In the September 2005 Investment Advisor, we showed that investing constrained by characteristics (value-growth and market capitalization) costs investors almost 300 basis points per year in performance. Requiring managers to hold stocks that are limited to certain value-growth and market capitalization characteristics hurts performance because all of the manager’s best stock selections do not necessarily fit into that assigned box.
In presenting these findings at various conferences, many advisors have nevertheless told us why they still think constraining managers is good for their clients. One of their arguments is the notion that by constraining managers to characteristic boxes, the investor or advisor is performing asset allocation. The foundation of that position is the incorrect belief that the various characteristic boxes are asset classes, and that a manager can therefore specialize in a particular asset class. This article, based on our white paper, available at www.athenainvest.com, will show that characteristic boxes are not asset classes, and that allocating among various characteristic boxes is useless at best.
Let’s begin by defining and describing an asset class. To be an asset class, a group of investments should meet three criteria:
Compositionally Unique. This means that an asset’s class should be clear and that different analysts should agree on its classification. It should be obvious to everyone in the market into which class a particular asset is placed. If this is not the case, then the definition of asset class depends on the person or organization performing the classification. Under that scenario, the asset class has little or no commonality across market participants and it would be very difficult to use it as a basis for constructing and managing portfolios. That’s because when an investor wishes to invest in the XYZ asset class, what that investor actually invests in depends on the person or the organization doing the classification.
Low Correlation. Asset allocation among stocks, bonds, real estate, commodities, and cash offers attractive risk/return tradeoffs because those five asset classes have returns that are low in correlation. If, instead, they were strongly correlated, there would be little diversification benefit and there would be just one optimal portfolio; the asset class with the highest return-to-risk ratio. With a strong positive correlation, these investments would just be a linear combination of each other. To rate the distinction of being an asset class and therefore to serve any diversification benefit, an asset’s returns must be low in correlation to other asset classes.
Stable Composition. Finally, the composition of membership of an asset class should be stable over time. Assets should not be changing class frequently, if at all, over time. As an example of this, imagine the case where bonds and stocks constantly moved into each other’s asset class. How useful, then, would the concept’s stocks and bonds be for managing money?
Our evidence shows that the characteristic boxes defined by value-growth and market capitalization fail all three criteria. It is clear that they are not asset classes and that allocating among them is not asset allocation.
We tested the characteristic boxes to see if they met the three criteria, and we found failure on each count.
Failure One: Not Compositionally Unique
Market observers can easily sort assets into the following categories; stocks, bonds, cash, real estate, and commodities. There is not much disagreement. Convertibility aside, stocks are stocks, bonds are bonds. With characteristic boxes, however, the opposite is true: There is tremendous disagreement between classification systems and even within each classification system.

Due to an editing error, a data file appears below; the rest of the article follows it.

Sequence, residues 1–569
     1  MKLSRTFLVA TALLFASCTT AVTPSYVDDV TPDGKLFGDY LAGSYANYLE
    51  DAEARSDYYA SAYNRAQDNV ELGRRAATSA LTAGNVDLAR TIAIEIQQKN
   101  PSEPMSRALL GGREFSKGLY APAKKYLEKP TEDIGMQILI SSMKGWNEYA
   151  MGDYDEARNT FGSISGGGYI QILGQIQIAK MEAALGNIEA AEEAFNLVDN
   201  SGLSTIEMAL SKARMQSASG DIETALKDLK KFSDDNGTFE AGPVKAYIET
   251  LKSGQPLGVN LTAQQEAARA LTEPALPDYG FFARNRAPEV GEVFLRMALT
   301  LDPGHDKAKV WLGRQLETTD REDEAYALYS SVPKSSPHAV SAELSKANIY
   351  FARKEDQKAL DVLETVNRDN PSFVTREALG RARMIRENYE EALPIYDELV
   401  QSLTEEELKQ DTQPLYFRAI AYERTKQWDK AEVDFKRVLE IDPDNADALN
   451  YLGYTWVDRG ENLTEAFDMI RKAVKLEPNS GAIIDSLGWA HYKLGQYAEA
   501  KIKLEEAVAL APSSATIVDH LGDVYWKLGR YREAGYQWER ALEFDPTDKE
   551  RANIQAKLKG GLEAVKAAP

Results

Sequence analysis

Focusing on the size dimension, five of the best known information services–Morningstar, Morgan Stanley, Standard & Poor’s, Wilshire, and Russell–have very different definitions regarding market capitalization, as shown in the “Wide-Ranging Cap Ranges” chart (below). “Large cap” ranges anywhere from 67% to 92% of the total U.S. market capitalization. The services’ various definitions of “small cap” range from Morningstar’s 3% to Morgan Stanley’s 12% of U.S. market cap. In fact, Russell denies the existence of mid-cap as a separate asset class altogether, designating the smallest 25% (of total market cap) of their large-cap index as “mid cap.”
Focusing on Morningstar (as of 5/31/05) and S&P (as of 6/15/05), there were 1,301 stocks in common. While S&P agreed that every stock Morningstar had as large-cap belonged there, that’s where the agreement ends. Only half of the Morningstar mid-cap stocks were categorized that way by S&P, and a little less than 75% of Morningstar’s small-cap stocks were called small cap by S&P. Over all, there was slightly more than 30% disagreement between the two information services on how individual stocks should be categorized in these supposed “asset classes.”
We also performed a similar cross-service comparison for the value-growth dimension. S&P does not have a “core” category. Among the stocks not in the Morningstar core category, S&P and Morningstar disagree on 20% of the remaining value or growth stocks. That is a remarkably large area of disagreement for supposed “asset classes.”
Within each service, the break points for cap size are not crisp and distinct, and all the services display some overlap. Fully 50% of the Morningstar “mid-cap” stocks are smaller than the largest “small-cap” stocks in the S&P classification, and a little over 23% of the “large-cap” stocks are smaller than the largest “mid-cap” stocks in S&P.
This is not a case of who is right and who is wrong or which system is best. It is a case of characteristic boxes failing the first criteria for being asset classes. We assert that they are not compositionally unique, but rather are compositionally common or blurred. Therefore, they do not pass the first test of an asset class.